Categorical thinking is often coupled with essentialism, which means something is assumed to be either this or that, essentially this or that. In my own field, plant morphology, the vast majority of my colleagues reduce the manifoldness of plant structures in plants such as flowering plants to three basic categories: root, stem and leaf. No exceptions are allowed. Even if, for example, a structure appears intermediate between a stem and a leaf, it is rigidly forced into either the stem or the leaf category. Even if it does not resemble a typical stem or a leaf, it has to be essentially either one or the other. This kind of thinking is perpetuated through most textbooks, although there is much evidence to the contrary (see, for example, Sattler 1994, Rutishauser and Isler 2001, Rutishauser 2016; see also Chapter 3 of this book).
The same kind of rigid categorical thinking seems widespread in other sciences and everyday life. Many people ask categorically whether someone is a theist or atheist, capitalist or socialist, good or bad, honest or dishonest, for or against us. And the list goes on endlessly. There are, of course, people who can be more flexible, allowing for subtle nuances, seeing a grain of truth in something that others would call essentially false. But these people seem to be in a minority. Most people, it seems, have at least some deep-rooted issues where they want to have a yes or no answer.
And in many instances categorical thinking may be appropriate, if we are aware of its limitations. I also use categories and appreciate their usefulness. However, categorical thinking becomes destructive when it is rigidly enforced in situations where it appears inappropriate. And such situations abound since we live in a fuzzy world, in a world that is not predominantly black and white.
When we force everything that does not fit into categories, we do violence to the situation or the people involved. Thus, categorical thinking supports violence and destruction. Think, for example, of a friend whom you considered a good person. Suddenly, he does something that hurts you deeply. How do you look at him then? As someone who is essentially good, but can be hurtful? Or, as it happens so often, as someone who appeared to be good, but turns out to be an essentially bad person? These are, of course not the only alternatives. You don’t have to be an essentialist. You can be more flexible, admitting that in the flux of life many things can happen and that a rigid dichotomy of good and bad seems too simplistic.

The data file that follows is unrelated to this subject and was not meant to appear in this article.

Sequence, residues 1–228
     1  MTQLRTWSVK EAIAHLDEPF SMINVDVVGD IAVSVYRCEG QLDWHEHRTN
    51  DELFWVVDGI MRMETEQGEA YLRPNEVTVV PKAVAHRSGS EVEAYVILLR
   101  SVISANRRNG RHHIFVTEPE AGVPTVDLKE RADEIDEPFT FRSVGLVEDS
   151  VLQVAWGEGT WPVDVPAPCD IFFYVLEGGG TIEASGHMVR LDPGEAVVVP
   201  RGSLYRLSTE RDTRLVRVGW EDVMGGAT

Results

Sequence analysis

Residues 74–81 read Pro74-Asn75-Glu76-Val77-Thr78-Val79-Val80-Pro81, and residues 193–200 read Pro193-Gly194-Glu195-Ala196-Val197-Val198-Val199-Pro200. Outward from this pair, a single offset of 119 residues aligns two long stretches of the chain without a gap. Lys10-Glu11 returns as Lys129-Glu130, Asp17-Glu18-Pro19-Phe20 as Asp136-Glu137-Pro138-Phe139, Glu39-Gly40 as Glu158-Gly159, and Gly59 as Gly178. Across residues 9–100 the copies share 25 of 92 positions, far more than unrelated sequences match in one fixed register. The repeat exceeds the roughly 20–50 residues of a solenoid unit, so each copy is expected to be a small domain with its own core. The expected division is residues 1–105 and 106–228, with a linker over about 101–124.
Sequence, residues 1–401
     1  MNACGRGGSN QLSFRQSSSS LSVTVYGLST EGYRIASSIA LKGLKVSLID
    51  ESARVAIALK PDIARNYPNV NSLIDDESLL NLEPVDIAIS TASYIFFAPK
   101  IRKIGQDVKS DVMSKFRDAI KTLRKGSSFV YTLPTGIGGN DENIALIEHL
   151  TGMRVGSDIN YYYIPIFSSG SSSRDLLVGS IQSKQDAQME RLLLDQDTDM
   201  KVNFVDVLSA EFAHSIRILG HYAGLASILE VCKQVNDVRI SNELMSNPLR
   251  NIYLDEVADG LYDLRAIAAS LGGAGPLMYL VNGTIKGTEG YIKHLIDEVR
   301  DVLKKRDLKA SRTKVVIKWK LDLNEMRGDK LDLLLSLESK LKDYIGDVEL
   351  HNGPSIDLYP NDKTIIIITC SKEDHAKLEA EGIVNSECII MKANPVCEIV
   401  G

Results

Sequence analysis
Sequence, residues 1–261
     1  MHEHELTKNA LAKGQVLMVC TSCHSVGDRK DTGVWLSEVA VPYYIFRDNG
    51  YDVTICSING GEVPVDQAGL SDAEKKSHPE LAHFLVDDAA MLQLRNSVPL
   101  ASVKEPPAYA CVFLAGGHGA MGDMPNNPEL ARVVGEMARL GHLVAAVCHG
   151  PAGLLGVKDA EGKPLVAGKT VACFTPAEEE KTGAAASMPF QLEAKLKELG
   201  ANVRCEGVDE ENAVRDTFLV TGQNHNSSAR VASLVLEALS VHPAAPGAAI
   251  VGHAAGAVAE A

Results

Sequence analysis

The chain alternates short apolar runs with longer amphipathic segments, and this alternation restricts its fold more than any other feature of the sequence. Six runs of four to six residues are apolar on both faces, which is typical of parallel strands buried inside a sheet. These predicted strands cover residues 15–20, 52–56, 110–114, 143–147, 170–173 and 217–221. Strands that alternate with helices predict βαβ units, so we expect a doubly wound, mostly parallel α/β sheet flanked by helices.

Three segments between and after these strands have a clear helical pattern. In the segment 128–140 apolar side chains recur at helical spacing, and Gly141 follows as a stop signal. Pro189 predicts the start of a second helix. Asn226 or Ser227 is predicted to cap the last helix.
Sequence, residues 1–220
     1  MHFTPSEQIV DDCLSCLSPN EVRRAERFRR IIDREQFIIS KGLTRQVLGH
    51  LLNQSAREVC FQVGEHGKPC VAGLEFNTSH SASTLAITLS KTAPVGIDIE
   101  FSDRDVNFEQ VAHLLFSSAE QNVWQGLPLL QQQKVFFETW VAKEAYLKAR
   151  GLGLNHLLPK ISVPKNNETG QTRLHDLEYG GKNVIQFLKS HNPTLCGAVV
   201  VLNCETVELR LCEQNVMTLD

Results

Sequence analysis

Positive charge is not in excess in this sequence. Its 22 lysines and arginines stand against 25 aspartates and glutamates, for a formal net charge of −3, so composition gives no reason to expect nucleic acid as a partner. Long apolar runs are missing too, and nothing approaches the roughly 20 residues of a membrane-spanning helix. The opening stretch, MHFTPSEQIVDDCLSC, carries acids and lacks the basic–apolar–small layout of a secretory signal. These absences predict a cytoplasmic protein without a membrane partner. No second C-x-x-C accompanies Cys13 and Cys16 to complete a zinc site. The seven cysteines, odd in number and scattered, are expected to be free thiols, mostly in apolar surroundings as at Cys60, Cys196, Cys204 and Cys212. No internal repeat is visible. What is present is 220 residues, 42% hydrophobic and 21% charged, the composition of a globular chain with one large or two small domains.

What happens between friends may also happen between various kinds of groups, organizations and nations. For example, nations may support each other in a friendly manner. Something happens and suddenly there is total condemnation and perhaps even war. Therefore I consider categorical thinking dangerous, especially when coupled with essentialism. In the worst case it may lead to violence and even war. Apart from such extremes that are not rare, categorical thinking may be destructive in many subtle ways. We have to examine our thinking and ask ourselves whether our categorical thinking may at times be harmful to others, our environment, and ourselves.
One last remark on categorical thinking. I have made a distinction between the categories of rigidity and flexibility. However, I do not consider these categories mutually exclusive. I do not believe that anything I encounter must be either essentially rigid or flexible. I recognize that there may be a gradation from extreme rigidity to extreme flexibility. For this reason I did not say that mainstream society and science are essentially rigid. I recognize that they appear too rigid in many ways, but we can also find flexibility to some extent here and there. Furthermore, mainstream society and science are not rigidly separate from alternative culture and holistic science that tend to be more flexible but may also be rigid to some extent. In general, I do not see the inner and outer circles of the mandala of this book as mutually exclusive. They seem to form a continuum and each one may include the other one to some extent as Yin and Yang include one another (see Introduction).